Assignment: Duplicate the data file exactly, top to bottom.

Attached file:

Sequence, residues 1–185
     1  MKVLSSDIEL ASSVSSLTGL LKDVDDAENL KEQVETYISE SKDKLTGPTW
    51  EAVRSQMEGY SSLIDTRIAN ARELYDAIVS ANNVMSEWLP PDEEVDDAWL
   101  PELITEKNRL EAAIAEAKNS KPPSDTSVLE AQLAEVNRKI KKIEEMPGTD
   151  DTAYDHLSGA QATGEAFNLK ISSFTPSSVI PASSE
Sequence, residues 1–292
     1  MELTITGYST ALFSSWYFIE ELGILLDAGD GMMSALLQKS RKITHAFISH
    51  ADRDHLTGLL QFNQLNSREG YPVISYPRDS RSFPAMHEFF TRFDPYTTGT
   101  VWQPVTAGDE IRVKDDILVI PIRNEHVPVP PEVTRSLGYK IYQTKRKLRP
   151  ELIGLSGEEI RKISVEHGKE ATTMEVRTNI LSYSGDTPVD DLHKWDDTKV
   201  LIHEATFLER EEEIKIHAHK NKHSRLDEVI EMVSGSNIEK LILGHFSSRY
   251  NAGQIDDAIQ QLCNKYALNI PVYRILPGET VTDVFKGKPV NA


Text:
Sequence, residues 1–185
     1  MKVLSSDIEL ASSVSSLTGL LKDVDDAENL KEQVETYISE SKDKLTGPTW
    51  EAVRSQMEGY SSLIDTRIAN ARELYDAIVS ANNVMSEWLP PDEEVDDAWL
   101  PELITEKNRL EAAIAEAKNS KPPSDTSVLE AQLAEVNRKI KKIEEMPGTD
   151  DTAYDHLSGA QATGEAFNLK ISSFTPSSVI PASSE
Sequence, residues 1–292
     1  MELTITGYST ALFSSWYFIE ELGILLDAGD GMMSALLQKS RKITHAFISH
    51  ADRDHLTGLL QFNQLNSREG YPVISYPRDS RSFPAMHEFF TRFDPYTTGT
   101  VWQPVTAGDE IRVKDDILVI PIRNEHVPVP PEVTRSLGYK IYQTKRKLRP
   151  ELIGLSGEEI RKISVEHGKE ATTMEVRTNI LSYSGDTPVD DLHKWDDTKV
   201  LIHEATFLER EEEIKIHAHK NKHSRLDEVI EMVSGSNIEK LILGHFSSRY
   251  NAGQIDDAIQ QLCNKYALNI PVYRILPGET VTDVFKGKPV NA